But with the rise of social media, they’re going home and sharing their negative (and positive) experiences with their online connections.
How could that improve your business? What would it highlight that you’re overlooking? How much power would that give you?
Yes, this is possible. It’s called social media monitoring.
Simply put, social media monitoring is using technology tools to identify what people are saying about your company online.
Here are a few free and simple ways to do this:
1. Twitter Search
Click here and enter keywords relevant to your business, particularly your company name.
2. Google Alerts
Click here and enter your relevant keywords. Google will email you any time in encounters those keywords online, based on your preferences. (You need a Google account to set this up.)
3. RSS Feeds
Set up a Google Reader (or other RSS reader), then set up RSS feeds from social media sites as generated by searches.
For example, when I search for “KGaps” on Twitter, you’ll notice the RSS icon on the top right. A specific RSS feed is generated for every search.
4. Facebook Page
Set up a Facebook Page for your business, then simply check the wall daily for comments.
Read this introduction to Facebook for business.
5. Free Monitoring Platforms
This social media monitoring solutions wiki lists every available tool.
Here are a few more great articles on the subject:
Knowing what your customers say about you is vital. It tells you what you’re doing wrong and right and how to improve.
February 3rd, 2011 → 4:00 am @ admin
When potential customers give you permission to market to them, you capture their information and guard it tenaciously.
Spamming or sharing/selling personal information is like torching the currency of your database with the flamethrower of stupidity.
People must feel absolutely secure that their personal information is safe with you before they’ll give it to you. Furthermore, they need to know that they’re dealing with the reality of your company and not hype, gimmicks, or cover-ups. They want authenticity.
“Let us speak, though we show all our faults and weaknesses—for it is a sign of strength to be weak, to know it, and out with it…” -Herman Melville
This is where social media can work wonders for you. As we said earlier, interactivity occurs in four ways: business to customer, customer to business, customer to customer, and customer to outsiders.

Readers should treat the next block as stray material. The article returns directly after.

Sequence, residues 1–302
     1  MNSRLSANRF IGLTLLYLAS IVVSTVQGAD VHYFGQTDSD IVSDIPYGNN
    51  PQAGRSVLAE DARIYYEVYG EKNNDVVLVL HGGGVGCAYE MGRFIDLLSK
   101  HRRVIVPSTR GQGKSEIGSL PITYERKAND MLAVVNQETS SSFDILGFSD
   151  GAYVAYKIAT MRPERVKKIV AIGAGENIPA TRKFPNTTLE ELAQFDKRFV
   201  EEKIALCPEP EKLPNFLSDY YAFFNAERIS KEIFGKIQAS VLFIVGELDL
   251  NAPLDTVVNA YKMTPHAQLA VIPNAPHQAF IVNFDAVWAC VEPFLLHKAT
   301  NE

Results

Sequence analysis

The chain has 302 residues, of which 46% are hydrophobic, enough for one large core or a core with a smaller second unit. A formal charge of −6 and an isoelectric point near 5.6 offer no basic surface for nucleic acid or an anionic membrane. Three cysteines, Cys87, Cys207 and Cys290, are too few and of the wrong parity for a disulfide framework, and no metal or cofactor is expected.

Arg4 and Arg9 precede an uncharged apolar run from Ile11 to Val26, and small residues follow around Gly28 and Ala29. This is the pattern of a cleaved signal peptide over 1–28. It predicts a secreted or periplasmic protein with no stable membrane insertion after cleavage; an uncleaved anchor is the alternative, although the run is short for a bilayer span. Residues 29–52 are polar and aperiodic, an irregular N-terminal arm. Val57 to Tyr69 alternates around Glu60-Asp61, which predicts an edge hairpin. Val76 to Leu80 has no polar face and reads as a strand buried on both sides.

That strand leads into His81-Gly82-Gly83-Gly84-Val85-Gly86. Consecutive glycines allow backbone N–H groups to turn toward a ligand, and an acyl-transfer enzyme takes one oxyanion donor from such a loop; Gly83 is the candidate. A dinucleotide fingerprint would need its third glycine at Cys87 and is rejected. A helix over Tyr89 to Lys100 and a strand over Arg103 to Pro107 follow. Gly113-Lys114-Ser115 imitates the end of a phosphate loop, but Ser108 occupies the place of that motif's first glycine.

Social media allows all four. It has demolished virtually every barrier to communication. It is a venue where authenticity and transparency are the most valued currencies—and where anything less is promptly ridiculed and rejected.
Business is a conversation. No one’s asking you to decide if you want to run your business using the Web. It’s a done deal. The Internet has already set expectations for how connections ought to work. The gulf is there; a gulf caused, ironically, by the abundance of connection. The Web…is a broad, open place that lets everyone touch everyone else and touch every digit of information by twitching a wrist and tapping a single finger.” -David Weinberger in The Cluetrain Manifesto (affiliate link)
Our number one rule of social media is simple (though it’s astonishing how often it’s abused): Never do or say anything online that you wouldn’t offline.
Would you call someone an idiot to their face? Of course not. Then don’t do it online. Offline, do you build relationships by talking about yourself nonstop, or by being sincerely interested in other people? Then use social media to build legitimate relationships.
In an effort to drive traffic to their website, one of our clients began using existing but unused Facebook and Twitter profiles.
They would gain control of these profiles, start friending and following people, and then invite connections to events, post company advertisements on these essentially fake profiles, etc.
Stephen found out about it when he was “friended” by a certain “Heather.” After seeing a few of “her” posts, it was obvious that her profile was being controlled by our client. Stephen removed her from his friend list and we quickly advised them to change their strategy.
Nobody is interested in that kind of fake and manipulative relationship on social networks. We call this a “churn and burn” sales model, as we observe the carnage of consequences with ill advised sales tactics.
We want real relationships with real people who are actually interested in mutually beneficial conversations and interactions. We don’t want to be tricked by companies just trying to drive traffic to their sites, products, and events.
Ideally, social networks are the online version of a barbecue in your backyard. Suppose you’re at a barbecue, hanging out, guard down, feeling relaxed, having a great time with friends.
While you’re engaged in an intimate conversation, a stranger barges in and proclaims, “Hey guys! You really need to check out this business opportunity! The prices are low and the value is off the charts!”
See what we mean? Not very appealing, is it? In an age when consumers wield the power of information, their BS meter is hypersensitive. Don’t set it off by being “that guy.”
Be real, authentic, transparent—even vulnerable. Don’t try to hide behind glossy facades, slick sales pitches, or canned rhetoric. Just keep it real.
In marketplaces where a simple sale is no longer simple, building trust today, through establishing and cultivating relationships, is at the core of the experience. This isn’t ‘trust so you can make a sale.’ Rather, build trust and establish a relationship, period—for the sake of that trust and relationship alone. The sale is neither here nor there until the relationship is established.
“The problem when you’re faking that relationship—like, after you make the sale—is that the friendly emails suddenly stop. When the relationship is fake, the client detects that. In fact, we all do. But if the relationship is real, you will do the best for your client. When that happens, you’ll begin to see all those negative responses vanish. Why? You just became a friend, and friends look out for one another.”
-Chris Brogan & Julien Smith, Authors of Trust Agents: Using the Web to Build Influence, Improve Reputation, & Earn Trust